She shook her head in answer to Jack’s question as well as trying to get Jack out of her head.
“You can stop them first. All you have to do is squeeze that trigger.”
The gun was in her hand and pointing at the boyfriend before she knew what was happening.
“Go on, pull it,” Jack whispered while he played with her hair. “It’s not like you haven’t killed anybody before.”
“I haven’t killed anybody,” She whispered through shivering lips. “Denise killed Martin, and Kevin killed the other guy. I’m not a murderer. This isn’t really happening, is it? It’s all just another game, isn’t it?”
“Nobody said you were,” she heard Sarah’s voice say. “Carol, why don’t you put the gun down? You don’t want to do something you’ll regret. Don’t do what he wants you to do. You can fight him. I’ll help you. Just put the gun down.”
“Don’t you think it’s time you found out for yourself what Denise and Kevin felt like when they killed those bastards? Don’t you think it’s time you did your own dirty work?” Jack’s voice hissed in her ear. “He’ll get in your way if you don’t pull that trigger.”
The shot rang out and echoed through her whole body.
The loud noise shocked Michael. The sound couldn’t have been a gunshot. It just couldn’t have been. That would be too absurd.
“Byron? Sarah?” He shouted into his cell phone. “Is anybody there?”
Someone screamed. It really had been a gunshot. He hadn’t imagined it. He was too late. He shouldn’t have stopped for food.
“Ohmigod! What have you done?” He recognised Sarah’s voice, shouting.
“Hold on, Sarah,” he yelled, trying to keep his own hysteria at bay. “I’m on my way.”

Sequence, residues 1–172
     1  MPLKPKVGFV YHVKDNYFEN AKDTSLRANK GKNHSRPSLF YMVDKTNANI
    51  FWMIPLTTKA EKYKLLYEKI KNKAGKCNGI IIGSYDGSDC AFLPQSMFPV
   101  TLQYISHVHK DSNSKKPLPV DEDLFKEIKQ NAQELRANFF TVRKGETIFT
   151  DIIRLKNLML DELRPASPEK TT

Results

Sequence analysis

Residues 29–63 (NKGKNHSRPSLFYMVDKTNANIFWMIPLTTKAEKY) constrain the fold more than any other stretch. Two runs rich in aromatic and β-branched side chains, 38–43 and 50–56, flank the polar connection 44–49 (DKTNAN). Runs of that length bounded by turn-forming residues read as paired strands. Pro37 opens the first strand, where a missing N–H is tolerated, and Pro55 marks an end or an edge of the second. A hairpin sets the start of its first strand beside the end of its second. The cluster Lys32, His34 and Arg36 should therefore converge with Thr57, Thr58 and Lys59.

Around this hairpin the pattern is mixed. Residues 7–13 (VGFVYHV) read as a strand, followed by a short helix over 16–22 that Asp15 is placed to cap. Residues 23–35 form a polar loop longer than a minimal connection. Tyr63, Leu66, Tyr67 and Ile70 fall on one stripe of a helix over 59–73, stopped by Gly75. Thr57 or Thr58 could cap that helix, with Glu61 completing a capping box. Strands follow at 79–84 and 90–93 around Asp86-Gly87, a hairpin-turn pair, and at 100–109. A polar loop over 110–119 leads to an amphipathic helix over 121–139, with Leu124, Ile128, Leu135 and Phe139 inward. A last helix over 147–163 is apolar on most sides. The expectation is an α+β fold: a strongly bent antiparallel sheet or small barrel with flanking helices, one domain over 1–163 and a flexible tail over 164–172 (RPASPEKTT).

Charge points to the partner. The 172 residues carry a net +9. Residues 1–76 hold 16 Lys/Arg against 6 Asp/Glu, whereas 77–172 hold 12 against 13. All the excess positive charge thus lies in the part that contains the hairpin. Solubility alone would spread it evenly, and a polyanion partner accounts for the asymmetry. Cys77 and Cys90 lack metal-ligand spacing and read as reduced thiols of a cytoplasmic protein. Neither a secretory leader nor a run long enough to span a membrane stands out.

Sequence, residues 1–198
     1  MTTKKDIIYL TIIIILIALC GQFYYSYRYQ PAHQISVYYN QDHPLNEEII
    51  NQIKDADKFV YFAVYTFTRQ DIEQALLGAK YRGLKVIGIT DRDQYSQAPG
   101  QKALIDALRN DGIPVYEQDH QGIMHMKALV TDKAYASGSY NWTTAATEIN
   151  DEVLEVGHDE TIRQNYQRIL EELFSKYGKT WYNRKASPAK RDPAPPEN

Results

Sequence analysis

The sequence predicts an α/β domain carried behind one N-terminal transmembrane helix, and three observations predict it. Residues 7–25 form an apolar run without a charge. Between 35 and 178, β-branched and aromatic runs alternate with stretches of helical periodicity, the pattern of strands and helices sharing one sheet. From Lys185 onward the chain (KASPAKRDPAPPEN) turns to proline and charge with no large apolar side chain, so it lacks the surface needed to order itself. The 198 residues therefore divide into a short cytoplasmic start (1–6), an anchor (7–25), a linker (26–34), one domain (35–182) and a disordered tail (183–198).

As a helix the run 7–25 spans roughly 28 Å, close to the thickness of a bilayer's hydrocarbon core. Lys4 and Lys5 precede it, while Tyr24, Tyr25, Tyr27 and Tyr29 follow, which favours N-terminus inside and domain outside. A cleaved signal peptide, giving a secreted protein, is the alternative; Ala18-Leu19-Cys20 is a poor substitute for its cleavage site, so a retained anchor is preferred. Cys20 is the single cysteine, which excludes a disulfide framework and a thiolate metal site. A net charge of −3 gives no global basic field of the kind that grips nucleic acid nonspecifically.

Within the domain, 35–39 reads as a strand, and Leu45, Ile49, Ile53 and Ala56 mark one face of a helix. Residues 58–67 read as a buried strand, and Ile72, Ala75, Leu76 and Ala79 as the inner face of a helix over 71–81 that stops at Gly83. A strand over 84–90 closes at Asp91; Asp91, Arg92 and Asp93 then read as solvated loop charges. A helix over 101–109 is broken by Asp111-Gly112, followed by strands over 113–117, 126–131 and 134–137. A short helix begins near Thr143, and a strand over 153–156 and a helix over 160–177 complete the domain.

He heard someone pick up the phone on the other end and then the line went dead.
With his heart beating in his throat and ignoring the strange looks he got from the other people in the restaurant, he punched 10111. He hoped the cops would get there in time.
While he waited for the emergency services to answer, he ran out of the restaurant without paying for his half-eaten meal.
Bael swayed and stumbled on the cobblestones as he made his way along the narrow alleyways of the pit. He was completely and utterly drunk. He’d failed to get Asmoday to see reason. Had everyone in Hades been infected by madness? Was he the last sane demon? He wept for his world as he fell to his knees. The smell of urine wafted up his six nostrils, and he vomited from all three of his mouths.
“Why do you insist on disobeying me?” Lilith’s disembodied voice resounded inside his heads. She would never soil her feet by walking along the paths that her underlings trod. She didn’t need to be within normal hearing range to communicate with her subjects. She could torment and command any one of them from the comfort of her bed whenever she wished.
“This is folly,” he whispered to the dark corners. “If he has his way, there will be no turning back. Neither world will be the same. You must see reason. I implore you, my Queen. Please listen to me.”
“I have made my decision, and yours is not to reason why, but to obey.” Lilith’s voice was loud enough to shatter all six of his eardrums. Blood trickled down his neck.
Lilith would not change her mind, and none of the other’s would risk moving against her. He had lost. His world was doomed. There was utter silence as Bael sobbed on his knees in the filth of the alley.